Wednesday, March 13, 2013

Economics and Emotion of the Art Market

Art collecting may seem to be all about money and the global economy. Several articles over the past week have speculated on the state of the Chinese auction market in 2013 and discussed methods for integrated analysis of Western and Asian art markets. Acquisitions, however, have an equally significant emotional, political component.
The art market is truly international in that the top-four selling artists are Andy Warhol, Zhang Daqian, Pablo Picasso, and Gerhard Richter, and China and the United States compete for the number-one spot in auction sales. Despite the success, the market has a struggling middle class for which an insightful article in The Art Newspaper offered an economic perspective. In “While the rich get richer…,” Charlotte Burns reported on the expansion of the art market at the high and low ends. Benjamin Mandel, an economist at the U.S. Federal Reserve Bank, offered “It is possible that the bifurcation in the art market reflects a dichotomous growth in the world’s economies,” and Linda Blumberg, the executive director of The Art Dealers Association of America, asserted, “The middle range is absolutely vital to the ecology of the art world.”
As if on queue, the Financial Times reported on a potential solution. Namely, the founders of Art HK: Hong Kong International Art fair, held a new London-based fair. Art13 focused on mid-market dealers and galleries, which featured works by artists from more than 30 nations. Reportedly, the fair fared well in selling works in the mid-market range. The advantage of tapping into an under-exploited market notwithstanding, the strategy of the organizers included inviting major collectors from Miami to Singapore. Collectors from China had more to talk about than the financial value of art and, in a public forum, commented on the rebuilding of the nation’s cultural institutions. A prediction by a Chinese property developer, who built a museum in Shanghai, was particularly telling of the intertwining of emotion with economics.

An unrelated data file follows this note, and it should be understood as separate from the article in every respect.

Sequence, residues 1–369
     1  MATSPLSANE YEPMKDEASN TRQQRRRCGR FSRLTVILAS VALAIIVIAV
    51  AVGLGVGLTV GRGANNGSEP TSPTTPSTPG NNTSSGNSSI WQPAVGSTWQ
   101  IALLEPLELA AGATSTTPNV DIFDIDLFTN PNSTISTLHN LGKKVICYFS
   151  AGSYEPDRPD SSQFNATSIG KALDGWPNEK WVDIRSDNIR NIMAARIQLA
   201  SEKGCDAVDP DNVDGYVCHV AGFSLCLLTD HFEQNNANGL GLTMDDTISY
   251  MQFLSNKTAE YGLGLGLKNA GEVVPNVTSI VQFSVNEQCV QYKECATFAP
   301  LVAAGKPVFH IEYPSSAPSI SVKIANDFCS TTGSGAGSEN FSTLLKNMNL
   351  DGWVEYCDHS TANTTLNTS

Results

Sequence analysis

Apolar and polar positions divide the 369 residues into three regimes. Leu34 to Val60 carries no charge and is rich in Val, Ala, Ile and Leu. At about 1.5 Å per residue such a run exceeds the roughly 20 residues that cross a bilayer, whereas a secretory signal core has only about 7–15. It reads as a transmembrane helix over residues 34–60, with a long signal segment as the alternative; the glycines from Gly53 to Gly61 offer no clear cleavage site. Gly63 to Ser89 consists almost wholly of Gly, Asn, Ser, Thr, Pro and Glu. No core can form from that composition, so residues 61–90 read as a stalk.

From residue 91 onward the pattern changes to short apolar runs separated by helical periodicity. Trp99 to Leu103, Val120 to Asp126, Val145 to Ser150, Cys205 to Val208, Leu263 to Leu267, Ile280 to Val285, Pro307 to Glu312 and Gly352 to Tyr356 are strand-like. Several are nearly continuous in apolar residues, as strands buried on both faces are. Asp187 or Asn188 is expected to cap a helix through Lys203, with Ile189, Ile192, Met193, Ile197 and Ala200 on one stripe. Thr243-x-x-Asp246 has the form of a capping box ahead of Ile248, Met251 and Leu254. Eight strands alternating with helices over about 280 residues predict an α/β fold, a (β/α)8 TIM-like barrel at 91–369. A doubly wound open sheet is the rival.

“We will get the money first, and then we will get our dignity back. When China becomes the world’s number one economy, Chinese works of art will become the most valuable in the world!” ("The Art Market: why 13 is lucky for some," Financial Times, 08 March 2013.)

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